Venture fund helps Mena region tap into expertise of veteran investors

The Arab Angel Fund, a new intitiative aimed at Middle Eastern investors, offers regional investors access to 'cherry-picked' US start-ups.

Kyle Hendrick launched the Arab Angel Fund to bridge the gap in the connectivity between US start-ups and “everyday” Middle East investors. Evelyn Hockstein
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Most technology investors are hunting future “unicorns”, as start-up ventures valued at US$1 billion or more are known. But with millions of businesses launching each year, these are proving ever elusive.

Step in one new fund aimed at Middle Eastern investors, which – while certainly not promising to scout out the next Facebook – does offer regional investors access to “cherry-picked” US start-ups.

The Arab Angel Fund was launched earlier this year by Kyle Hendrick, who until April worked as a commercial specialist at the UAE embassy in Washington DC.

Most start-ups do, of course, fail. But Mr Hendrick says his fund’s policy of only investing in tech businesses alongside established venture capital (VC) firms does at least mitigate some of the risk.

“We’re giving proprietary access to deals that US venture firms are taking lead positions in,” says Mr Hendrick, who is a general partner of the Arab Angel Fund.

“Co-investing with these VCs is really cherry-picking some of the top deals. Because if they’re turning down thousands of start-ups and investing maybe in 50 or 100 a year, they’ve gone through some serious hurdles.”

The Arab Angel Fund, which is registered in the Cayman Islands, is capped at $25 million and has so far raised about $11m, primarily from the Arabian Gulf. It has struck at least 14 deals to date – although Mr Hendrick says he cannot yet disclose details – and plans to invest in a total of 150 to 175 start-ups over three years. The vast majority will be US-based, with the fund specifically targeting early-stage start-ups in places such as Silicon Valley, Boston and New York.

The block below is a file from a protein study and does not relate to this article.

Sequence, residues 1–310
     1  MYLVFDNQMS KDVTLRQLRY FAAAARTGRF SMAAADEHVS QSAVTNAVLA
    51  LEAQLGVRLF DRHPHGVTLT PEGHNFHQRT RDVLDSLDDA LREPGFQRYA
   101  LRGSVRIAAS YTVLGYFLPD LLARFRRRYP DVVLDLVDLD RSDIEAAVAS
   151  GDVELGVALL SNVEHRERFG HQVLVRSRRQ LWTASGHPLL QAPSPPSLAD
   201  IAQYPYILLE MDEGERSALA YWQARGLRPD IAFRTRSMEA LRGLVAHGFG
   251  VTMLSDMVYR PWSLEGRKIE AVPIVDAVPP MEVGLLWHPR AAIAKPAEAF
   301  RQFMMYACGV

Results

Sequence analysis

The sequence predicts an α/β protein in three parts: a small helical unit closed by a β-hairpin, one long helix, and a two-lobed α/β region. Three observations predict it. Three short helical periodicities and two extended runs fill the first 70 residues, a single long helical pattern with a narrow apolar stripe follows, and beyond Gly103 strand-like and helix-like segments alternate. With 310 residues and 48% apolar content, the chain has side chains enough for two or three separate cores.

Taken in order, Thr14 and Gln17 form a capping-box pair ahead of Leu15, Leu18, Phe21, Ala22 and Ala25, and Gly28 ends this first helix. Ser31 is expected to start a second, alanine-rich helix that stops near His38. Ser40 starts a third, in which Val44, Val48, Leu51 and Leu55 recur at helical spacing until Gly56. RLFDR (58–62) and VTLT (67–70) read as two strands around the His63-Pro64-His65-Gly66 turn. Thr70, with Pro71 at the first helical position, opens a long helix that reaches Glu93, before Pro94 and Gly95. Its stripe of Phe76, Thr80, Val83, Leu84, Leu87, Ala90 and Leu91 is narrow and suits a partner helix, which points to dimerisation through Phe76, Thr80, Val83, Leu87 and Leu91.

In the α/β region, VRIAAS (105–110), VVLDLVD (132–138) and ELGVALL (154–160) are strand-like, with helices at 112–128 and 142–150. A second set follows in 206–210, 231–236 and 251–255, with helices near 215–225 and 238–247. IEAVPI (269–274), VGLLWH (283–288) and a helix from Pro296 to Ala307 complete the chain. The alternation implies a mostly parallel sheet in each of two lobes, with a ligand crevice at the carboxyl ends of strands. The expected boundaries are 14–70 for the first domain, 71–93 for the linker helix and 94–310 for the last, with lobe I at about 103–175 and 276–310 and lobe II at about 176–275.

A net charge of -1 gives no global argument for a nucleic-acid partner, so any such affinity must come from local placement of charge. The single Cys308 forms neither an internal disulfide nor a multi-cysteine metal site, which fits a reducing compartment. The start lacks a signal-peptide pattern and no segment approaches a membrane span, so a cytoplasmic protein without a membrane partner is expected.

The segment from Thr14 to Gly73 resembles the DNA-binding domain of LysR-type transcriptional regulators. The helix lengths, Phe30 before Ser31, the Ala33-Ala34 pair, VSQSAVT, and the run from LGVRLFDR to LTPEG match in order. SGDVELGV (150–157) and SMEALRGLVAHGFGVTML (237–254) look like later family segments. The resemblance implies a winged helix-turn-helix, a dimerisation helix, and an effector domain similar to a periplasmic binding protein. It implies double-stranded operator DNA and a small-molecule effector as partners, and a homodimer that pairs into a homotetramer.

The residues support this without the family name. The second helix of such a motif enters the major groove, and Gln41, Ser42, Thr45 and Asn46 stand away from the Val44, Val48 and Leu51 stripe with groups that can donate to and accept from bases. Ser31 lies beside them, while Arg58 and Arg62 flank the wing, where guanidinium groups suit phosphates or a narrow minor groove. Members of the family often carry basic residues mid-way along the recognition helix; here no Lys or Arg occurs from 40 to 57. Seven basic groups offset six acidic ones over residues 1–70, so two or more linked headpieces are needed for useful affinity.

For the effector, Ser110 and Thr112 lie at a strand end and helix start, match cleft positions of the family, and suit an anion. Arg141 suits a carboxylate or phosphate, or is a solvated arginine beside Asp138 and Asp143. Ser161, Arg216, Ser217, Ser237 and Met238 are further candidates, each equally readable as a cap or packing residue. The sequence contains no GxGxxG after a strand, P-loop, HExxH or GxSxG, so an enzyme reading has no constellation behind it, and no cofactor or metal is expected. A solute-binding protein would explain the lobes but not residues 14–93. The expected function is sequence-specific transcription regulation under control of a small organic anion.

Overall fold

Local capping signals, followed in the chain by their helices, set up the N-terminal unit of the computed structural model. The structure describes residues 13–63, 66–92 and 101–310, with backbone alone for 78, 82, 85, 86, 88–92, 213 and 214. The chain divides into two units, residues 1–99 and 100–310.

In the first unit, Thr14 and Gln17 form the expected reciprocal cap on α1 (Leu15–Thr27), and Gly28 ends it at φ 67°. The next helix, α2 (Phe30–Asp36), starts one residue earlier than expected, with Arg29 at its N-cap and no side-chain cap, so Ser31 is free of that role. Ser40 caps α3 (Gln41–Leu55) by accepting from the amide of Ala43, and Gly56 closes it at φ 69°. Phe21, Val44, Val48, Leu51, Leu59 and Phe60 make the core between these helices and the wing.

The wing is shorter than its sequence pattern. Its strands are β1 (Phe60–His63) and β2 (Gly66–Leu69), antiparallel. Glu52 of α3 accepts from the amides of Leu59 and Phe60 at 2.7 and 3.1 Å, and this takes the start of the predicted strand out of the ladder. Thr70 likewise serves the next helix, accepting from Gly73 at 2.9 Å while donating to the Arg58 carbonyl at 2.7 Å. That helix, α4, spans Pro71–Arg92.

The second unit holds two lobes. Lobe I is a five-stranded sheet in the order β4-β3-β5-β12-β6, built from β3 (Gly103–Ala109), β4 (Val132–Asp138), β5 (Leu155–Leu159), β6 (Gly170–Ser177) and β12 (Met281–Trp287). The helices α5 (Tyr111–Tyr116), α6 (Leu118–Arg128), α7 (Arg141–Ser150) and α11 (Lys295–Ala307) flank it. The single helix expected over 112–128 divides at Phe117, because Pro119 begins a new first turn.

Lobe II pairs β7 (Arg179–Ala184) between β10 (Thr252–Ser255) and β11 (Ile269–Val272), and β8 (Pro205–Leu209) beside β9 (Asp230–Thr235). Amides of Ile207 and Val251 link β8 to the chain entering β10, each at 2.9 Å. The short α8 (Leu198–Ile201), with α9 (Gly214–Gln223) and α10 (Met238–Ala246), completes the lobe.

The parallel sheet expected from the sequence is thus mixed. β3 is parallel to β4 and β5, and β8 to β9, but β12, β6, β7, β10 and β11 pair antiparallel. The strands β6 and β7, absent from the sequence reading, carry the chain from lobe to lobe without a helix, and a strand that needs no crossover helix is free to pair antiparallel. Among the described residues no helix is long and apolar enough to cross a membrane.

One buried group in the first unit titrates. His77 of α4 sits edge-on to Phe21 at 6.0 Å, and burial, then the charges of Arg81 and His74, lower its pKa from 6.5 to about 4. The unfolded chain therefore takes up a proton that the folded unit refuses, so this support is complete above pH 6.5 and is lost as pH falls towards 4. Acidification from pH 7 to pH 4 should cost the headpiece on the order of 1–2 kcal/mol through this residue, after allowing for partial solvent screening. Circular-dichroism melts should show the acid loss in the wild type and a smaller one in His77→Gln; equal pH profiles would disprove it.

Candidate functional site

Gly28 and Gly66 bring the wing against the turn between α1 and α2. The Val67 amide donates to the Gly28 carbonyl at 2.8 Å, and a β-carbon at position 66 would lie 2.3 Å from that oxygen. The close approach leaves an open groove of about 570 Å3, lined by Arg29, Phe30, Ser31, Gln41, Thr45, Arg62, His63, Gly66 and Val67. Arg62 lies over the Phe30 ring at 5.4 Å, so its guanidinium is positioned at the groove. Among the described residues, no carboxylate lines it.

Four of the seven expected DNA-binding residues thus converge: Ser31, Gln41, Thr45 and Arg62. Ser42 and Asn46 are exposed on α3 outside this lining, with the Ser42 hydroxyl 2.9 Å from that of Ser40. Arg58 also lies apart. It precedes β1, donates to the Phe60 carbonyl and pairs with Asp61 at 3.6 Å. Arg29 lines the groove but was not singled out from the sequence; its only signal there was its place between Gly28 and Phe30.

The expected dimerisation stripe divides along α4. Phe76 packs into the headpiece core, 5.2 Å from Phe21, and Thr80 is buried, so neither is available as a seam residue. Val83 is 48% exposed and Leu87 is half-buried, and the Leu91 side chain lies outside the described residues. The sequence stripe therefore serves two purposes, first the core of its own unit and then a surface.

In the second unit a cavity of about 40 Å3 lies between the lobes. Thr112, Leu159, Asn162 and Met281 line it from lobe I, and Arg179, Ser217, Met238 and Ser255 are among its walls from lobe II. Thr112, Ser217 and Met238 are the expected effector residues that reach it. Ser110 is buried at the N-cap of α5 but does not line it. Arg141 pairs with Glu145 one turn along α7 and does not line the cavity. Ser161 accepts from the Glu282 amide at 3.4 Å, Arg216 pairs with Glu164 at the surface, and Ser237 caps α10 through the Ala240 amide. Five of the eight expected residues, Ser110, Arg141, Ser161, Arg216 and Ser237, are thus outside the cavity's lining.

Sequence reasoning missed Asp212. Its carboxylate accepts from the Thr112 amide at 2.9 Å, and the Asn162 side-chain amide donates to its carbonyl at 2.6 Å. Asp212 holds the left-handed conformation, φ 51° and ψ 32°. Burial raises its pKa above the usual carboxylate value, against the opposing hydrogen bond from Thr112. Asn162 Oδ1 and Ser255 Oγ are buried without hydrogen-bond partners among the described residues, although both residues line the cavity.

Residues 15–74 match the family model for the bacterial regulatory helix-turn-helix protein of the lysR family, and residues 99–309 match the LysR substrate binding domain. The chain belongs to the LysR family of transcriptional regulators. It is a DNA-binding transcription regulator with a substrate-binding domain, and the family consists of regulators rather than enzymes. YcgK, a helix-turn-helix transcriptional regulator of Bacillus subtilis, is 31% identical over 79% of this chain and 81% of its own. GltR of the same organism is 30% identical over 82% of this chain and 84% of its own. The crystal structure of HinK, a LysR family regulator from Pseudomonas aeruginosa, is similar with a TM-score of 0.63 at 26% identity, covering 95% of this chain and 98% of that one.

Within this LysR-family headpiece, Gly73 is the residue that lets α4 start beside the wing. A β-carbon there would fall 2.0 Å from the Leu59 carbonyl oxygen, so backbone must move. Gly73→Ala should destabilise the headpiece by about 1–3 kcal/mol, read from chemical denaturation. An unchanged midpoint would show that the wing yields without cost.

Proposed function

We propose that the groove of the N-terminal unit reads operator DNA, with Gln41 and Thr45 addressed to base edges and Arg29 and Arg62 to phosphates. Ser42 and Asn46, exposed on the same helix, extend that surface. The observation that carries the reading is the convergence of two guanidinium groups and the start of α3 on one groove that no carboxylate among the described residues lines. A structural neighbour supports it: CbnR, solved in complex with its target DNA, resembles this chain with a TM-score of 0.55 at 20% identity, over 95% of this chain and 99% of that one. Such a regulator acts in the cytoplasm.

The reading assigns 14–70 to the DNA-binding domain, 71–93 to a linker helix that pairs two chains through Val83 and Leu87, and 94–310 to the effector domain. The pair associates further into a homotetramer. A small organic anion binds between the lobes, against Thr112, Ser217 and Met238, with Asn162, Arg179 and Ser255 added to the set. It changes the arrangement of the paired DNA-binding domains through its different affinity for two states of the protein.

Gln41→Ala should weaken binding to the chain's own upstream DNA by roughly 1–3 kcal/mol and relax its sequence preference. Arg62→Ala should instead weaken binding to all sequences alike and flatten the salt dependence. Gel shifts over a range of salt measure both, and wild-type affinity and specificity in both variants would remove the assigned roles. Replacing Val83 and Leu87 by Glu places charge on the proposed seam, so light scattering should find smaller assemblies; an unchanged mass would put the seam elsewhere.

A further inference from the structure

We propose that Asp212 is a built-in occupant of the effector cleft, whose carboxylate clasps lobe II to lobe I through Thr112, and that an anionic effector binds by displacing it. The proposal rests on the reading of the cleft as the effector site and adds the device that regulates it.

Mr Hendrick says the fund has already attracted at least 38 investors from countries including the UAE, Saudi Arabia and Kuwait. Several top executives and two UAE ministers have invested in the fund, he says, although he could not give names.

The maximum an individual can put in is $1m, and the minimum investment is $100,000 – something Mr Hendrick says was a relatively low threshold.

“Venture returns can happen throughout the life of the fund but we generally expect to see returns within the first three to five years,” he says.

“For a lot of these investors – I would say about 95 per cent of cases that I’ve seen – this is their first foray into this asset class.”

Mr Hendrick says it was his experience working in the trade and commercial office at the UAE embassy that made him realise there was a gap in the connectivity between US start-ups and “everyday” Middle East investors.

“Family offices and individual investors really didn’t have a vehicle that was giving exposure to the top-tier US venture funds,” he says.

While there is nothing stopping Arab investors pursuing US start-ups through individual investments or other more established US funds, Mr Hendrick says the fact that the fund will co-invest alongside multiple VC companies – he name-checked the likes of New Enterprise Associates and the notable angel investor Mark Cuban – was a major draw.

“There has to be a notable VC in the US that has taken a lead position before we can invest. So we’ll never be the first money in on a start-up. And that’s really a risk-mitigation tactic,” he said.

Another aim of the fund is to help some of the start-ups it invests in enter the Middle East market, building on the fund’s connections in the region and the prominent UAE business people on the Arab Angel Fund investment committee.

While one UAE investment expert says there would probably be strong demand for an investment vehicle such as this, he strongly cautioned against individuals putting their money in such an asset class.

“Shiny new ideas and exciting tech investments sound great and will likely attract investors,” says Sam Instone, the chief executive of the fee-based financial advisory AES International, which has an office in Dubai. “[But] everyday investors shouldn’t be speculating in angel investing … Evidence suggests that most normal investors can get better returns net of fees and charges by investing in index funds.”

Mr Hendrick acknowledges that venture capital was typically riskier, and the Arab Angel Fund is not suited to all investors. But he says that, in a wide portfolio of start-ups, a handful of star-performing ventures can compensate for the many that, inevitably, fail.

“Risk is generally frowned upon in the Middle East. So it’s sort of a changing of mindsets. Yes there’s going to be some failure, but the success within this fund is going to make up for that,” he adds.

So the odds of a business success may still be stacked against you – but so it goes when you’re scouting for start-up unicorns.

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